Kyphosis | Tampa General Hospital


Kyphosis Spinal Deformities in Children

Kyphosis is a forward rounding of the back and type of inflexible spinal deformity often referred to as hunchback. While everyone’s back is slightly curved, this condition is characterized by a rounding of more than 50 degrees.  Kyphosis in children can be congenital, meaning present at birth, or non-congenital.


In congenital kyphosis, the condition is caused by defects during vertebral development. There are two types of congenital kyphosis:

  • Failure of formation (Type I deformity) – This type is typically visible at birth as a lump or bump on the infant’s spine and will usually worsen with age.
  • Failure of segmentation (Type II deformity) – This type occurs as two or more vertebrae fail to separate and form normal discs. This type is more likely to be diagnosed at a later age, such as after the child begins walking.


Non-congenital kyphosis in children can be caused by infection, trauma, or an underlying condition such as:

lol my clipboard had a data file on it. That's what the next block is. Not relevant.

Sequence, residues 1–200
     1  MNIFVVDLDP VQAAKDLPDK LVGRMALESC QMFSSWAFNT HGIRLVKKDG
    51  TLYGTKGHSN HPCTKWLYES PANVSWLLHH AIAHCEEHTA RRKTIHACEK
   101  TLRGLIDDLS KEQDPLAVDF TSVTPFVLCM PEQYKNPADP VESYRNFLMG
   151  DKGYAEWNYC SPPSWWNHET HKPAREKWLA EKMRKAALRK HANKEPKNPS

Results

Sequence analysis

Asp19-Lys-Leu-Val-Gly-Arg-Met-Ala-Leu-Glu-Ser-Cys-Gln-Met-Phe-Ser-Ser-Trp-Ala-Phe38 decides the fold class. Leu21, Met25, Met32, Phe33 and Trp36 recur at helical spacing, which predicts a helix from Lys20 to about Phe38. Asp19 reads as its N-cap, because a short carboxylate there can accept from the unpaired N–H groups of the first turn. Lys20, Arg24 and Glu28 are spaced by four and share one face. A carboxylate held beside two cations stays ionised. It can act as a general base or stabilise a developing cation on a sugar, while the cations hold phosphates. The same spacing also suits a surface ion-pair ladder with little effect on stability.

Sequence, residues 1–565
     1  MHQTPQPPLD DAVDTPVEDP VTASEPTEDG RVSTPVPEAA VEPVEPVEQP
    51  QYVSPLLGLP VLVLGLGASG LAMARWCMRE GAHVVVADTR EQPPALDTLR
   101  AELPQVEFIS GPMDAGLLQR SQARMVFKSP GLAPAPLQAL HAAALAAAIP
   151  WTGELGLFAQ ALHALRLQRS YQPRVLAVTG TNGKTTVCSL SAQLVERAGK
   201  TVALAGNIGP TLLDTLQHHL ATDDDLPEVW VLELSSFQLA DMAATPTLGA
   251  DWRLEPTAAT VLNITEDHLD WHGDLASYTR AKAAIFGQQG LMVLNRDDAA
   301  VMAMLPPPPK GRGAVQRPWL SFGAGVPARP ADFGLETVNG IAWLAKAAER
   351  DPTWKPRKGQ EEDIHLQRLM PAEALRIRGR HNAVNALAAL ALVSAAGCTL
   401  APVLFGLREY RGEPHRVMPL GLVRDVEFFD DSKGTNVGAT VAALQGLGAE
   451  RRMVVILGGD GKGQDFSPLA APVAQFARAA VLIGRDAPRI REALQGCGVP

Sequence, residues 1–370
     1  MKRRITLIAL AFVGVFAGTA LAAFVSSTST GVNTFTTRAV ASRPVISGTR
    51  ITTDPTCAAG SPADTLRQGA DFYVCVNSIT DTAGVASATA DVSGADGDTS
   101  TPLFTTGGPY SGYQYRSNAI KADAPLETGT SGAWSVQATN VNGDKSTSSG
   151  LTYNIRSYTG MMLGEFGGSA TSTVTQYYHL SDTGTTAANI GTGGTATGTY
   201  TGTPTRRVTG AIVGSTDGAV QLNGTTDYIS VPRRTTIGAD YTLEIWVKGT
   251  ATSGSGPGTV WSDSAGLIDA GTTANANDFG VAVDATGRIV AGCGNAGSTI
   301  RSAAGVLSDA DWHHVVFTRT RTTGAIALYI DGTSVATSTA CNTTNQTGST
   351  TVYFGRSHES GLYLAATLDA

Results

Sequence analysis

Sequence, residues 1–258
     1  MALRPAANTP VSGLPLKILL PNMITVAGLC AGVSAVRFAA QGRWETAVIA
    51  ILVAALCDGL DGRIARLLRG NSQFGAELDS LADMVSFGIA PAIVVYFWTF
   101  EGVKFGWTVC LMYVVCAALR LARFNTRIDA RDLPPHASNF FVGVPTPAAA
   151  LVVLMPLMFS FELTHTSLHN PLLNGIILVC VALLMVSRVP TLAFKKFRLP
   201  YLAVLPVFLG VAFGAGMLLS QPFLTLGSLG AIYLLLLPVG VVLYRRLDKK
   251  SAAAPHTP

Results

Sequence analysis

• Metabolic problems, such as diabetes or thyroid disease
  • Neuromuscular conditions, including spina bifida, cerebral palsy, or muscular dystrophy
  • Spondylolisthesis
  • Tumor conditions such as neurofibromatosis
  • Scheuermann’s disease



X-rays are typically used to determine the severity of the curvature. Treatment options vary depending on the age of the child when diagnosed, type and severity of the condition, and the patient’s parents’ wishes. Bracing and physical therapy may be a viable treatment option for mild cases of kyphosis, whereas surgery – the most common being spinal fusion – may be recommended for more severe cases.

Tampa General Hospital’s Children's Medical Center provides care and treatment to children with kyphosis and other pediatric orthopedic conditions. Our team of specialists, which include spine surgeons, physical therapists, nurses, and other professionals, work together to create individualized treatment plans that help our patients achieve the best possible outcomes.